Personal setups » LyndaW’s 2011 AZT 300 bike and gearby LyndaW
Before AZT I scoped every bike set up I could find. My set up ended up pretty tight and worked well for me at AZT 300 so as payback and thanks to everyone who shared theirs, here is mine.
I faced some pretty big challenges with carrying capacity. My stats are 104 lbs and 5’2″. I do prefer 29ers but the wheels are so up in the frame/fork there is no room for a seat or bar bag without tire buzz. I chose a full suspension 26er bike for AZT. If I was a few inches taller it would have been a 29 for sure! Brian Blair at The Path bike shop helped me with the perfect set up and I had on board a 3 x 10 drive train with a 22×36 gear. Putting that on 26 inch wheels made for a super-duper granny gear which was key for me as it allowed me to keep riding up hills in the heat very slowly but without boiling the top off my head. It was hot out there BTW, really hot.
This is when I was clean before the start.
Even with my 26″ bike there is limited rear seat to wheel clearance and I could only get a medium sized seat bag in there without rear tire buzz when the suspension compressed.
The main triangle is too small for a frame bag that is useful. I did have one, it was small and awkward shaped and I ditched it. In my main triangle I carried one 29 oz water bottle and two slime tubes tightly wrapped in Tyvek to protect them from spikey desert things. Held on of course by Gorilla Tape.
Fluids: One 29 oz water bottle zip tied and velcroed to each fork leg, one 29 oz bottle in my main triangle, 100 oz bladder in my pack and space in my pack to pick up a big bottle of soda at the gas stations.
A regular top tube tank sits behind my stem, a custom made by Relevate Designs bag sits in front of my seatpost and a compression drybag on my bars. On my back a women’s sized (meaning shorter and wider) Solomon Raid Revo 20 pack.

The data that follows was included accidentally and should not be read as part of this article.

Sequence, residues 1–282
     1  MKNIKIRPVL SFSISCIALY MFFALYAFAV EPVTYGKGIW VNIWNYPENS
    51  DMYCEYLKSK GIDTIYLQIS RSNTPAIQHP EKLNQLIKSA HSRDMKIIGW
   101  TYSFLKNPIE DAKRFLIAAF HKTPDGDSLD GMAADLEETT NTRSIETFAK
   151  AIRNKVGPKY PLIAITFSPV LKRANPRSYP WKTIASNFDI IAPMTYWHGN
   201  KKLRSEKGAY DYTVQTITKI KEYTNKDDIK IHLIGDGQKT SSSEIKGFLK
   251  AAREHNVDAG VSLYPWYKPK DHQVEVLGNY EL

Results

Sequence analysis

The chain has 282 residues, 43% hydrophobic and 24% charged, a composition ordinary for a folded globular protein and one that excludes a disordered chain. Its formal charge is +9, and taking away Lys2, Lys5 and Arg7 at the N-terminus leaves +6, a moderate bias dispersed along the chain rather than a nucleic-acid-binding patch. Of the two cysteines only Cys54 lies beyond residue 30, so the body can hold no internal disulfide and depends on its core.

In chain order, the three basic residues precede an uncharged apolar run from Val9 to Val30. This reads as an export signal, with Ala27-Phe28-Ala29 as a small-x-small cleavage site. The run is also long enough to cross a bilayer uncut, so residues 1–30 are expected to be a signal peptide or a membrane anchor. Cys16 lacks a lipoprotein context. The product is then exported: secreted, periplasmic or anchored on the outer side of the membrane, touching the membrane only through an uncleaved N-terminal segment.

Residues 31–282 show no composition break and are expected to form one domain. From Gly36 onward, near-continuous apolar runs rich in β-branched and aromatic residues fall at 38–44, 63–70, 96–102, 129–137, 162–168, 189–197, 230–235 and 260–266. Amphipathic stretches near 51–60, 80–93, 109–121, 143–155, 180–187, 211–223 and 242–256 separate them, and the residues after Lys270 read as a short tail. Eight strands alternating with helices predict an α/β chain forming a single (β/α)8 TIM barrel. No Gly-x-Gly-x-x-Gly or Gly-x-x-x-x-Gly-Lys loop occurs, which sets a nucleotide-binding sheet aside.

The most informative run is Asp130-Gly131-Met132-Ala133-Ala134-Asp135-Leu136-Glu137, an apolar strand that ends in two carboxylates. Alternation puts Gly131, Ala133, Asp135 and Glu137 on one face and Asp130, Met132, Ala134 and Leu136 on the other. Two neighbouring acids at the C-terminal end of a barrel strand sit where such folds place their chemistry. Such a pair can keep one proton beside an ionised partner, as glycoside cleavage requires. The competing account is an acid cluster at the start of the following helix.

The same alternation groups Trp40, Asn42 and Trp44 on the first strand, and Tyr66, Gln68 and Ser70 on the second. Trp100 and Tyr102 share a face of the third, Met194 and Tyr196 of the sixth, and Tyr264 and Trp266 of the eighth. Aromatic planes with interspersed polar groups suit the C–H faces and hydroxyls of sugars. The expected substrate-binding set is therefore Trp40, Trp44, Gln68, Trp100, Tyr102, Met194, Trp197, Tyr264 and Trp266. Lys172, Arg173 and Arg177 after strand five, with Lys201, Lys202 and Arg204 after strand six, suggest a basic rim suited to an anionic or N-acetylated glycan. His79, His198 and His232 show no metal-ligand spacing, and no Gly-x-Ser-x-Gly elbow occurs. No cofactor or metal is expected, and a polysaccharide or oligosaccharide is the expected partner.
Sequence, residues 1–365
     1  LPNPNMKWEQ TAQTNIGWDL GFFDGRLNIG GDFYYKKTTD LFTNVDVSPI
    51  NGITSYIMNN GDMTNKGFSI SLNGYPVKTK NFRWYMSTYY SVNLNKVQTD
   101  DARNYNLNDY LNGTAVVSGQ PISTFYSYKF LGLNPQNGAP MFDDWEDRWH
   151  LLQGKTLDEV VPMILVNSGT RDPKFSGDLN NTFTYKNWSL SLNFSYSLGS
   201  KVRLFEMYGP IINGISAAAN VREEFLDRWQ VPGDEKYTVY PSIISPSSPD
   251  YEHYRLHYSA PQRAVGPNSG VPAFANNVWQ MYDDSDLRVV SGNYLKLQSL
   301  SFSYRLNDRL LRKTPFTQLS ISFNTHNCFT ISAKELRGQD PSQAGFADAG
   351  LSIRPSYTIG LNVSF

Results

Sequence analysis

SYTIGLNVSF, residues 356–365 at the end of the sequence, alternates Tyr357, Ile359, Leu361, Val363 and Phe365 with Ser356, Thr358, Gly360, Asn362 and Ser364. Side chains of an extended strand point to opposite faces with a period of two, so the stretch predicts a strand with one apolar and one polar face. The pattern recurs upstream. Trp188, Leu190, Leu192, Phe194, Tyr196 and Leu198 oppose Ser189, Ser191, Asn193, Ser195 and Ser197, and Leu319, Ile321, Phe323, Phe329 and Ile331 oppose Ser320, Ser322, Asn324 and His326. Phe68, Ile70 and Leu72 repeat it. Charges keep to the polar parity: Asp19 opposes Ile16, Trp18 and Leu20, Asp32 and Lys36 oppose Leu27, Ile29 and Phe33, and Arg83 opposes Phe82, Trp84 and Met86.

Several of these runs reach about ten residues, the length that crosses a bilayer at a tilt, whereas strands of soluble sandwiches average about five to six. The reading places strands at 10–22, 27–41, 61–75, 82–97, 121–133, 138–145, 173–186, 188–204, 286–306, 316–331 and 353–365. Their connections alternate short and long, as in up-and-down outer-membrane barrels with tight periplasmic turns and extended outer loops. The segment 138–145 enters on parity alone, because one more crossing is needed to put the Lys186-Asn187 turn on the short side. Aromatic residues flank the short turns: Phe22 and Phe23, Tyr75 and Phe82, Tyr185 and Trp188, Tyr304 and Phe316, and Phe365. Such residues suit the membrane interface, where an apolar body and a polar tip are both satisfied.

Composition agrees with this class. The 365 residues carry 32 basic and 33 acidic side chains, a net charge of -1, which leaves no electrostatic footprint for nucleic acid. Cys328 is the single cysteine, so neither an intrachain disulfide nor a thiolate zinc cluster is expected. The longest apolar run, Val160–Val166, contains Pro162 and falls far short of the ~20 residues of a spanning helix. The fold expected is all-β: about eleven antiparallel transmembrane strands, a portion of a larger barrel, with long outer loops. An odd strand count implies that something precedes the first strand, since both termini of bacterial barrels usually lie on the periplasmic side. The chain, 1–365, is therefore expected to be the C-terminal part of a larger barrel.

Handlebar bag: Sleeping bag, neoair pad, bivy, emergency blanket, ear plugs, Teko socks. Sleeping comfy was on the plan!
Seat bag: Spare chammy, another pair of spare socks (I thought the heat/sweat would swell/damage feet so wanted several sock options), underwear, running shorts, waterproof pants, Craft Zero long sleeve, puffy jacket, thermal knee warmers, thermal arm warmers, bra, warm gloves, buff, thermal hat, cycling jersey (which I never used).
Front top tube bag: Ride food, lots of it.
Seatpost bag: Tools (pliers, multi tool, levers, pump). Spares (brake pads, der hangar, cleat bolts, zip ties, tire plugs, patches and glue, quick link, tire boots, gorilla tape, lube, rag). I didn’t have a spare cable and near the end my rear der cable was frayed and hanging on by only a few threads. I stopped shifting it at about mile 200 to save it. Batteries for GPS and for lights. More ride food. I could cram a lot in this little bag!
Lights: http://www.ayup-lights.com/ on head and bars with a total of 42 hours of runtime battery juice on board. No skimping here!! I was ready to be nocturnal.
Backpack: 100 oz bladder, more food, sometimes a big bottle of coke, a big tube SPF 100+ sunscreen I used liberally, chammy cream, lip stuff, wispa toothbrush, toilet paper, tampons (yes my friends these were needed the whole time…), trash bag, printed maps of the course, moleskin, wipes, 3M tape, water filter, chlorine dioxide tablets, matches, waterproof jacket.
Clothing: White Craft ProCool t-shirt, De Soto arm coolers (I wore these 100% of the time night and day, they never came off and were held up with gorilla tape after the first day!), chammy, Patagonia bra, green knee high recovery socks I had sewn tyvek panels in the front of to keep the scratchy desert prickers out of my girl skin, Pearl Izumi X-Alp Pro shoes, around my neck I wore a knife, helmet, Smith Pivlock sunglasses daytime, pink Dragon Moto MX goggles at night. My goggles make me happy at night
I think that is it. I probably forgot somethings as it seemed I had an overwhelming number of little bits and pieces with me.